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He Said, She Said: Dealing with The In-Laws

Image Credit: Alamy

It’s been said that when you get married, you always marry into the family. There’s a lot of truth to that, especially when in reality it gets hard to establish a good relationship with everyone when you’re ever so keen on “the one.” There’s the parents, the siblings, the aunts, the uncles, and not to mention the kids. Finding your place within the family can be hard and intimidating. So what does one do when they can’t get along with their significant other’s family?

In a study by sexuality counselor, Ian Kerner from Good In Bed for CNN, the relationship you have with your in-laws can greatly affect the relationship you have with your significant other. Managing the in-laws isn’t easy but it is important to tend too. Getting to know them is vital ingredient to a healthy relationship. After all, it may affect your odds of staying together over the long haul. That being said, you don’t need to be best friends with your father-in-law or mother-in-law, but you do want things to be civil and run cordially for everyone involved.

Though we hear from a soon-to-be husband, Terri Orbuch, a psychologist and research professor at the University of Michigan’s Institute for Social Research tells Kerner in the CNN article that being a daughter-in-law is actually trickier than a son-in-law. In many ways, it can backfire for women as the closeness a wife gives a mother-in-law, creates a sense of access and ability to cross boundaries and meddle.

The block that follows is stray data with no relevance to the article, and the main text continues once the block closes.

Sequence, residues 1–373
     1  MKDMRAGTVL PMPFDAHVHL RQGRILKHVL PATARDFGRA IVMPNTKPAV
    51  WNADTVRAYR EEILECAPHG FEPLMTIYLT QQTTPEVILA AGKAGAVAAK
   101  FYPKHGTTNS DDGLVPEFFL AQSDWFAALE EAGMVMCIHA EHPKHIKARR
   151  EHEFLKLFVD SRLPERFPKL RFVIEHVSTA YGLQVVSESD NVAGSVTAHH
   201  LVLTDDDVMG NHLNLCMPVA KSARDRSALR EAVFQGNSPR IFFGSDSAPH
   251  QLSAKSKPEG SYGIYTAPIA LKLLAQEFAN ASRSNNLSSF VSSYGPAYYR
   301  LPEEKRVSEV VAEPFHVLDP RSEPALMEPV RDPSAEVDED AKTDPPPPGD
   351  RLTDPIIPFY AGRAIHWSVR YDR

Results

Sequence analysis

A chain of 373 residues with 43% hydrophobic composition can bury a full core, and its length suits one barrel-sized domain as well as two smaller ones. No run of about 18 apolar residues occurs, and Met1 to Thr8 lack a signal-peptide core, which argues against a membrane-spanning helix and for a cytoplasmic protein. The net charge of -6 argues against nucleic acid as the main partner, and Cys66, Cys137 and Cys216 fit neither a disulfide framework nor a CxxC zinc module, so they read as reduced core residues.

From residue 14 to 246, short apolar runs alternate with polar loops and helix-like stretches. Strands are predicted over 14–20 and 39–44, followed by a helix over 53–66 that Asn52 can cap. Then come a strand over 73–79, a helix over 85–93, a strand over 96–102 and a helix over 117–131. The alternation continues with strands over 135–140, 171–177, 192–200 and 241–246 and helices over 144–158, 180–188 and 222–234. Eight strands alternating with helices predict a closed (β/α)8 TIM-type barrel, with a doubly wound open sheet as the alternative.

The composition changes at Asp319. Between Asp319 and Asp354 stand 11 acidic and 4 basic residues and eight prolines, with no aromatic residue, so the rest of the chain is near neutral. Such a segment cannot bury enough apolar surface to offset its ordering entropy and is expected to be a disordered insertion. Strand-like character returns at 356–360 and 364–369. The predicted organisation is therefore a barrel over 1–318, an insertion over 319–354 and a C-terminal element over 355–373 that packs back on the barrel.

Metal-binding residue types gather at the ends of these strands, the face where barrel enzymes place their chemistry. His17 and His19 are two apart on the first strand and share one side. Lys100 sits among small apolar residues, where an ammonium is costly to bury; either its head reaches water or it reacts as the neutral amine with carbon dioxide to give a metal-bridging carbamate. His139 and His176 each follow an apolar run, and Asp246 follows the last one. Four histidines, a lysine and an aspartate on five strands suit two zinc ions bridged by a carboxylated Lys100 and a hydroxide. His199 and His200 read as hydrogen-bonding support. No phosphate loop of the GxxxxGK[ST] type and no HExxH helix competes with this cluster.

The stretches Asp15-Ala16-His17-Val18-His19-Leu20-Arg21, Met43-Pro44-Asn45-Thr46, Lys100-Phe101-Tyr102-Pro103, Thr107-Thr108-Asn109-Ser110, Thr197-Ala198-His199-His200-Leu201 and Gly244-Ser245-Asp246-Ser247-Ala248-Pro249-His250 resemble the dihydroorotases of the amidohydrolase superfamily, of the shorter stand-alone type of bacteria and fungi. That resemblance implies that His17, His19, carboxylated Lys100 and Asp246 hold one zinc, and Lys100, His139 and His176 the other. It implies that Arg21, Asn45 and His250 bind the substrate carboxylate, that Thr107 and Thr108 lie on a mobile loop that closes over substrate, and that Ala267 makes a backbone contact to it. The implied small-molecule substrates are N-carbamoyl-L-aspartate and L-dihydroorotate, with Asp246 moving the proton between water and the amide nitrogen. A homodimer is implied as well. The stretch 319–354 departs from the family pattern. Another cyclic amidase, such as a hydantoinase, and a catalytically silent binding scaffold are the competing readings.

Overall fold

On one hand, a woman may be more likely to form a bond with a man’s parents when she wants to change something about him or get him to agree with her about an aspect of child-rearing — essentially, trying to get his parents on her “side.” This closeness can result in a unified front against the husband and, as you might imagine, is apt to infuriate him.

In all simplicity, there are some wise, truthful words from the well known Rabbi Shmuley who says, “Your in-laws are your spouse’s parents. You must therefore always honor them, even if you don’t feel affection toward them. While you can’t always control your emotions, you can always control your actions.”

This week we hear from Scott of South Bend, Indiana who wants to ask for his girlfriend’s father for his daughter’s hand in marriage but is having trouble warming up to her parents–or rather, them warming up to him. Scott wonders when and how should he approach her folks. Our team sit at the round table and discuss this week’s relationship dilemma.

He Said She Said P2 - Scott February 14

Sunny says…